The Helio100 project, based at Stellenbosch University in the Western Cape province, is a cost-effective heliostat that harnesses solar power to generate electricity.

Scientists on Sholes Glacier
AP Photo/Manuel Valdes

Scientists, tribe study shrinking Washington state glacier

MOUNT BAKER, Wash. (AP) — Mauri Pelto digs his crampons into the steep icy slope on Mount Baker in Washington state and watches as streams of water cascade off the thick mass of bare, bluish ice. Every 20 yards, the water carves vertical channels in the face of the glacier as it rushes downstream.

What little snow from last winter is already gone, so ice is melting off the glacier at a rate of nearly three inches a day this summer, he said.

Deal to develop parkland near dunes riles conservationists

INDIANAPOLIS (AP) — The parkland surrounding Indiana's towering dunes was intended to keep industry away from a geological marvel molded over thousands of years at the southern tip of Lake Michigan.

Yet five years after a politically connected developer suggested officials should hire a company to rehabilitate a dilapidated beachfront pavilion at the popular tourist destination, the small construction project has ballooned into a decades-long privatization deal with the state. It includes two beachfront restaurants, a rooftop bar, a glass-walled banquet hall promising "the best view in Indiana" — and there is potential for even more development.

Charges sought against ex-head of Brazil nuclear power firm

SAO PAULO (AP) — Police say they have asked prosecutors to file charges against the former head of Eletronuclear, the state-owned company that operates Brazil's two nuclear power plants, for his alleged role in a bribery scandal.

Brazilian police want prosecutors to charge Othon Luiz Pinheiro da Silva with money laundering and corruption for taking as much as $10 million in bribes from construction companies for contracts involving the construction of the Angra 3 nuclear plant in Rio de Janeiro.

Ukraine asks Russia for lower gas prices for winter season

MOSCOW (AP) — Ukraine asked Russia on Friday for lower gas prices for the winter and said Moscow should accept to write off a part of its loans to Kiev, as other international bondholders did this week.

Gas disputes between Russia and Ukraine have led to cut-offs of supply in the past, and one standoff in 2009 caused serious disruptions in gas flowing from Russia via Ukraine to the European Union.

Oil

President: Nigeria to stop dependency on crude oil

LAGOS, Nigeria (AP) — Nigeria is moving to rapidly diversify the country's economy to stop its dependency on crude oil exports, Nigerian president Muhammadu Buhari said Thursday.

Nigeria has depended on oil as its major source of revenue in the last three decades at the expense of agriculture and other sectors, Buhari said. He spoke as he received new ambassadors.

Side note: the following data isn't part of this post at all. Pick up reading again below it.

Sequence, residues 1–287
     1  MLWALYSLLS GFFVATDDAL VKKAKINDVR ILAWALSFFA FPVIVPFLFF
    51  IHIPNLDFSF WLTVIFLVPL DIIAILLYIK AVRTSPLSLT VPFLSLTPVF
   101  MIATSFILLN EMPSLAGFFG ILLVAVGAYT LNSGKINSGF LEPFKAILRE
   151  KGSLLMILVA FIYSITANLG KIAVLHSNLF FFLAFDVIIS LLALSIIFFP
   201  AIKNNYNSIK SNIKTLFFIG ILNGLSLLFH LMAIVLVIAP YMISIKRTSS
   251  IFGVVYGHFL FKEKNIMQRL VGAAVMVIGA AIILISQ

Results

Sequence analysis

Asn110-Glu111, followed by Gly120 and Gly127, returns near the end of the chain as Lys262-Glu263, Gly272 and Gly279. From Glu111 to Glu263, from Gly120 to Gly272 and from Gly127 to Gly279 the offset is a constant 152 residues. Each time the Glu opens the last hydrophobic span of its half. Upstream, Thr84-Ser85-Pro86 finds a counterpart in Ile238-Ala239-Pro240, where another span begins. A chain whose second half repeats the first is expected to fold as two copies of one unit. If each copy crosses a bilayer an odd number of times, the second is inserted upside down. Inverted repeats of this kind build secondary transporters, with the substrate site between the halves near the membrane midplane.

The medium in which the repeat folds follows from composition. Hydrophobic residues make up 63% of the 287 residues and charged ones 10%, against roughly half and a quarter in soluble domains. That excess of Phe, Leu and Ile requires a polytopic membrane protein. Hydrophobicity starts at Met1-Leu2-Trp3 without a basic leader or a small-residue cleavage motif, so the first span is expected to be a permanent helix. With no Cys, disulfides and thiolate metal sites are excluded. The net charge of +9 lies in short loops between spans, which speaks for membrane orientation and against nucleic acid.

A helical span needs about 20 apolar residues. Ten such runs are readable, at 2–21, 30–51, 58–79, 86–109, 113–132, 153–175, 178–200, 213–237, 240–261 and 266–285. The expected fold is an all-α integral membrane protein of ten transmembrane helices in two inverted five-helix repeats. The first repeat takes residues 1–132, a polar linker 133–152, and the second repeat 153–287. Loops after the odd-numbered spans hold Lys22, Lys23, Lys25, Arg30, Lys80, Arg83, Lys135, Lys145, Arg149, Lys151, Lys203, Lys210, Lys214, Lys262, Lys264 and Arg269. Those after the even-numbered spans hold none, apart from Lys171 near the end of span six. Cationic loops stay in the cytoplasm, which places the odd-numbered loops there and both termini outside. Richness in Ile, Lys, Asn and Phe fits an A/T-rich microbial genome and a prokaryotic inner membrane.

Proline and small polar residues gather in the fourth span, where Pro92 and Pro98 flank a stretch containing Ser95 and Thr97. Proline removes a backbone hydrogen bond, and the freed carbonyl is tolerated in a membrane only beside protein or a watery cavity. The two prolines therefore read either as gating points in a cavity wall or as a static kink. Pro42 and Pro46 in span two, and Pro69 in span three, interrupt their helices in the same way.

Fuel thieves tap into pipelines in Mexico City

MEXICO CITY (AP) — Thieves drilled taps into fuel pipelines not far from downtown Mexico City in one of the most daring and dangerous of thousands of illegal taps investigators find each year.

Most pipeline thefts have occurred in rural areas, but the Mexico City prosecutor's office said late Wednesday that two sets of illegal taps had been found at warehouses in heavily populated areas just about 3 miles (5 kilometers) from the city's center.

Michael Bonfigli/The Christian Science Monitor

Judge blocks EPA's Clean Water Rule

BISMARCK, N.D. (AP) — A federal judge in North Dakota on Thursday blocked a new Obama administration rule that would give the federal government jurisdiction over some state waterways.

U.S. District Judge Ralph Erickson of North Dakota issued a temporary injunction against a the rule, which gives the U.S. Environmental Protection Agency and Army Corps of Engineers authority to protect some streams, tributaries and wetlands under the Clean Water Act. The rule was scheduled to take effect Friday.

"The risk of irreparable harm to the states is both imminent and likely," Erickson said in blocking the rule from taking effect.

Thirteen states led by North Dakota asked Erickson to suspend guidelines that they say are unnecessary and infringe on state sovereignty. The federal government says the new rule clarifies ambiguity in the law and actually makes it easier for the states to manage some waterways. It wasn't immediately clear if the injunction applied to states other than the 13 led by North Dakota.

The other states involved in the lawsuit are Alaska, Arizona, Arkansas, Colorado, Idaho, Missouri, Montana, Nebraska, New Mexico, Nevada, South Dakota and Wyoming.